North Carolina’s Charlotte/Douglas International Airport (CLT) is on the cutting edge of manufacturing huge quantities of worm poop…Huh!? It’s true, and it’s not gross; it actually makes this airport one of the most eco-friendly in the United States.
The $1.2 million waste-to-fertilizer plan recently taken on by the 11th busiest airport in the U.S. is biggest composting projects of its kind.
The idea of the project is to turn the estimated ½ lb. of trash generated by each of the nearly 20 million passengers visiting the airport each year and recycling/composting as much of it as possible.
Under the new operation, all of CLT’s trash – about 25 tons per day – is sent to an underground sorting facility where workers pull out all the recyclables. The recyclable items are then crushed and baled before getting sold for dough. It’s a great way to make money from garbage that would otherwise get sent straight to the landfill.
Food scraps make up the majority of the other waste, and that’s the stuff worms love to eat! Workers load up incredibly huge 50-foot long compost bins with all of the food scraps. The bin is home to 1.9 million common worms, 3-inch long red wigglers to be exact. These worms feed upon the food waste and essentially speed up the composting process.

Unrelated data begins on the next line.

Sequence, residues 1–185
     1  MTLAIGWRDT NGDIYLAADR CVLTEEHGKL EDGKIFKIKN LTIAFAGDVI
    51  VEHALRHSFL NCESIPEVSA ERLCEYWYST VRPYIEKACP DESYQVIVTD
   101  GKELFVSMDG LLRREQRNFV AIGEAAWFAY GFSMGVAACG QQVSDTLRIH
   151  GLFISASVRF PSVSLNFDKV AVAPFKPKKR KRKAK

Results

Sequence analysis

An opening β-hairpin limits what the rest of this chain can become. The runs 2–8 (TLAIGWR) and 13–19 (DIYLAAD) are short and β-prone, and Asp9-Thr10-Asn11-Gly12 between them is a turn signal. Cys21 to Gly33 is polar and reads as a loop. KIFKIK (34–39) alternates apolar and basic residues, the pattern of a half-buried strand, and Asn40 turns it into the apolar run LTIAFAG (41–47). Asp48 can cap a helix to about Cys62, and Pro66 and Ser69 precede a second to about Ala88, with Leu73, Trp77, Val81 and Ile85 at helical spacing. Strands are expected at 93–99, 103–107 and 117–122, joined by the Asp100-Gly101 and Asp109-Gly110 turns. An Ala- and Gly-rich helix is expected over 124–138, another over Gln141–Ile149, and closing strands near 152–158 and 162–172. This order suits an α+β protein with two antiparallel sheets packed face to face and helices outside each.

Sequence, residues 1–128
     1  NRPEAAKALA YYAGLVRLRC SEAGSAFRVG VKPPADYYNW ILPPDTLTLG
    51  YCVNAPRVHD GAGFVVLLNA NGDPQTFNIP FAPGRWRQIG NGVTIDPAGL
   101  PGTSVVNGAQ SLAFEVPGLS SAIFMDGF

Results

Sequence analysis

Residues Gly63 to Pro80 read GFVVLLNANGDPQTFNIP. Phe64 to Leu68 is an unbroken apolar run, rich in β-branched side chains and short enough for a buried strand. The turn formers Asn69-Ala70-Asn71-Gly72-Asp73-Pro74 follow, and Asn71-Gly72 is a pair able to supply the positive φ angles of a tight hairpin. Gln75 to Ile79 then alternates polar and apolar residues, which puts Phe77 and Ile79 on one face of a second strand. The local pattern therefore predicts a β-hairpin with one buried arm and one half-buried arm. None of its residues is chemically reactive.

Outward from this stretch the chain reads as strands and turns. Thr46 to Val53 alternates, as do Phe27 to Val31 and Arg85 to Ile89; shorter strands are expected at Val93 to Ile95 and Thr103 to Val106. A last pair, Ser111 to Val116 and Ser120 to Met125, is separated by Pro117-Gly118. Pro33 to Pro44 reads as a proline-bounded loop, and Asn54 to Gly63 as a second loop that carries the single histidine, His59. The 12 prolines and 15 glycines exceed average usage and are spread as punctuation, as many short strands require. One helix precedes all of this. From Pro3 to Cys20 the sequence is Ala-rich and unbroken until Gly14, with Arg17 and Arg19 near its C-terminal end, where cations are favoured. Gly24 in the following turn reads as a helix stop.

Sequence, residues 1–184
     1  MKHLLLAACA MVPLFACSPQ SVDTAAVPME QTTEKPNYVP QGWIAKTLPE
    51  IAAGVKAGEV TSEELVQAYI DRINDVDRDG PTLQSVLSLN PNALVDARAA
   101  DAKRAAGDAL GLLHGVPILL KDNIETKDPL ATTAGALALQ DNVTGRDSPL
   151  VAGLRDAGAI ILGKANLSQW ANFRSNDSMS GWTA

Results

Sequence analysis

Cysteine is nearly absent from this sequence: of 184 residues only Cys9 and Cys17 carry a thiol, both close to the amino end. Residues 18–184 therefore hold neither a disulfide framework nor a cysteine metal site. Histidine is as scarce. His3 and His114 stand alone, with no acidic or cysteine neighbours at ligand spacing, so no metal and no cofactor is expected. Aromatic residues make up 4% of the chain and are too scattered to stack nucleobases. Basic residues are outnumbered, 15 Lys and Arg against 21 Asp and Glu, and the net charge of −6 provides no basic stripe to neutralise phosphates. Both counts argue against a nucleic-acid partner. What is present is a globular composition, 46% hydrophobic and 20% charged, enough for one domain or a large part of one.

Airport workers say the organic fertilizer generated by the process is more than enough to fertilize all of the plants on the airport grounds.
The airport expects the operation to be profitable within just five years.
From an environmental standpoint, the Charlotte, NC recycling and composting operation is making a huge impact on the amount of garbage making its way to landfills. Airport officials say the new operation has helped cut the amount of trash sent to the landfill by 70 percent.
If you take a look at the numbers, it’s pretty remarkable: The airport generates approximately 9,125 tons of waste per year, but the new composting/recycling program eliminates about 6,388 tons of this waste from entering landfills.
It seems like every airport in the country should be following CLT’s lead on this one, but there are two major stepping stones: cost and space. It’s expensive to get one of these operations off the ground, and space is always an issue at busy airports.
Depending upon the success of the innovative new composting plan at the Charlotte/Douglass airport, you may see something similar popping up at your local airport in the near future. So far, it’s looking like clear skies and smooth sailing ahead.